Published: May 14, 2018
It’s your single place to instantly
discover and read the research
that matters to you.
Enjoy affordable access to
over 18 million articles from more than
15,000 peer-reviewed journals.
All for just $49/month
Query the DeepDyve database, plus search all of PubMed and Google Scholar seamlessly
Save any article or search result from DeepDyve, PubMed, and Google Scholar... all in one place.
Get unlimited, online access to over 18 million full-text articles from more than 15,000 scientific journals.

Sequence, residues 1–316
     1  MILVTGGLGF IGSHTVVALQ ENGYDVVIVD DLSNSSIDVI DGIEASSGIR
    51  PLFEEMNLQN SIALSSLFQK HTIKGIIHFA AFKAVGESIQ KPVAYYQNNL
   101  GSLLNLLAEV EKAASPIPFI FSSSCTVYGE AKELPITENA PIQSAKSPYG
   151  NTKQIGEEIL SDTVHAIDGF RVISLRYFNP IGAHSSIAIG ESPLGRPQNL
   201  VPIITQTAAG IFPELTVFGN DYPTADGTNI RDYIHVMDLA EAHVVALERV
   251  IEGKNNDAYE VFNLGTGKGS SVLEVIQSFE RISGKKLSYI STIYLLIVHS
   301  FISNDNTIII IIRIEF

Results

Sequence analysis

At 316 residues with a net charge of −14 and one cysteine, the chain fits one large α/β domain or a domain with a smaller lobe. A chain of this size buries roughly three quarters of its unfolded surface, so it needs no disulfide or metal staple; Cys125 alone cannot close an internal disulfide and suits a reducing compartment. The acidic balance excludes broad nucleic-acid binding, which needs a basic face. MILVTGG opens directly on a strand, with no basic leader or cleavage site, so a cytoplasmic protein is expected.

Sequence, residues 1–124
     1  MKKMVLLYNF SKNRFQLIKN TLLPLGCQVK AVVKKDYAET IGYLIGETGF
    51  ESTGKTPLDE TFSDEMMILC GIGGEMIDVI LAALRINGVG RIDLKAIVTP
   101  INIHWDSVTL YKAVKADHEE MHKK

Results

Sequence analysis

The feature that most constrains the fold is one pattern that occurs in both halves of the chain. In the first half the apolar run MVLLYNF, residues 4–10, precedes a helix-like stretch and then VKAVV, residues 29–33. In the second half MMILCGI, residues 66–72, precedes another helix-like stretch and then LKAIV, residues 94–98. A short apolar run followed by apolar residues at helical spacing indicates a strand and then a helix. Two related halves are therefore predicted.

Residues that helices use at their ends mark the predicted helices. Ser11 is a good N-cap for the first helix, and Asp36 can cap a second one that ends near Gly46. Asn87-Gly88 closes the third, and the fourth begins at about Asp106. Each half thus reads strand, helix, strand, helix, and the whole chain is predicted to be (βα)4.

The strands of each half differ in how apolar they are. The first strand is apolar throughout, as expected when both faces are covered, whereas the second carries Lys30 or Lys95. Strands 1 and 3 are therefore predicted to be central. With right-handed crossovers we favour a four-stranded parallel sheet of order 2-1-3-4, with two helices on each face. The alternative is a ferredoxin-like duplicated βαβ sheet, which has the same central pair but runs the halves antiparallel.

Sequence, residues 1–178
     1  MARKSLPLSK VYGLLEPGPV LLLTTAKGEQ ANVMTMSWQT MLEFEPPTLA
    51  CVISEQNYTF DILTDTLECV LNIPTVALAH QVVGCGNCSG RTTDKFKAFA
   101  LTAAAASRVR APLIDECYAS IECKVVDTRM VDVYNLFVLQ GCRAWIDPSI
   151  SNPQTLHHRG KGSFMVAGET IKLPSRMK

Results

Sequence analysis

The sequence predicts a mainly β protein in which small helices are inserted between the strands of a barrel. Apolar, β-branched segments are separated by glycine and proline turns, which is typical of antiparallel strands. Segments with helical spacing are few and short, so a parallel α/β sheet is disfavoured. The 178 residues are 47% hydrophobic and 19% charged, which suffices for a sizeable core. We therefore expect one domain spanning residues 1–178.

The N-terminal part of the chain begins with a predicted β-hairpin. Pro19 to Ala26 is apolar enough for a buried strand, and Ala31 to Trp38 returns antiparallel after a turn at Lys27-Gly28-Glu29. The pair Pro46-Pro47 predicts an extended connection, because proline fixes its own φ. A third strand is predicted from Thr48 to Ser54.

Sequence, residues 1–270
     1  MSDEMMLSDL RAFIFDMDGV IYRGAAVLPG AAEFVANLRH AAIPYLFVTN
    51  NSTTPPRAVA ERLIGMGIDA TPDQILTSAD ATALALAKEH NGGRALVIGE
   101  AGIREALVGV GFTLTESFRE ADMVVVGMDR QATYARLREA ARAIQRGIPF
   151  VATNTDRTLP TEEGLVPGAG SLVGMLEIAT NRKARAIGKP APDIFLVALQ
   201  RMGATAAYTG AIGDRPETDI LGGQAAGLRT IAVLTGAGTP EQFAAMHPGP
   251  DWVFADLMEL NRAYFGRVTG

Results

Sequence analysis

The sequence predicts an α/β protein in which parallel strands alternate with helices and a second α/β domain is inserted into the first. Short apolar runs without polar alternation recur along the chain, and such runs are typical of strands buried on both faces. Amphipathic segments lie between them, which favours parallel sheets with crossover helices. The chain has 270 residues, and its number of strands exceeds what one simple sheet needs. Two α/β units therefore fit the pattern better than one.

Read from thousands of the leading scholarly journals from SpringerNature, Elsevier, Wiley-Blackwell, Oxford University Press and more.
All the latest content is available, no embargo periods.
“Hi guys, I cannot tell you how much I love this resource. Incredible. I really believe you've hit the nail on the head with this site in regards to solving the research-purchase issue.”Daniel C.
“Whoa! It’s like Spotify but for academic articles.”@Phil_Robichaud
“I must say, @deepdyve is a fabulous solution to the independent researcher's problem of #access to #information.”@deepthiw
“My last article couldn't be possible without the platform @deepdyve that makes journal papers cheaper.”@JoseServera